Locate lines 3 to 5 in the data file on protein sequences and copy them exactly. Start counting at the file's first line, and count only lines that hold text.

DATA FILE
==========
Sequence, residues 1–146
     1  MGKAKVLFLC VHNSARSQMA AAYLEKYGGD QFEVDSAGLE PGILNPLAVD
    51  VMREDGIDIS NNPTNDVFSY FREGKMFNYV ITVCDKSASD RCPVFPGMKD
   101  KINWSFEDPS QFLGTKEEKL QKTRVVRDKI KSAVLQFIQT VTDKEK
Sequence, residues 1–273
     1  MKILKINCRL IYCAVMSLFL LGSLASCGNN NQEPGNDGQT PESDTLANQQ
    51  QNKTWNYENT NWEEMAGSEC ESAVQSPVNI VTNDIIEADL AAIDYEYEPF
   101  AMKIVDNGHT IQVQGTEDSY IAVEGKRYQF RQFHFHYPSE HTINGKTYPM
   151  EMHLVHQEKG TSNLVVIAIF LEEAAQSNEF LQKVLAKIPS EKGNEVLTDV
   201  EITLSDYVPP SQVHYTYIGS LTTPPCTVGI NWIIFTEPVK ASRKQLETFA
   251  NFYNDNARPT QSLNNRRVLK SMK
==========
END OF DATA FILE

    51  VMREDGIDIS NNPTNDVFSY FREGKMFNYV ITVCDKSASD RCPVFPGMKD
   101  KINWSFEDPS QFLGTKEEKL QKTRVVRDKI KSAVLQFIQT VTDKEK
Sequence, residues 1–273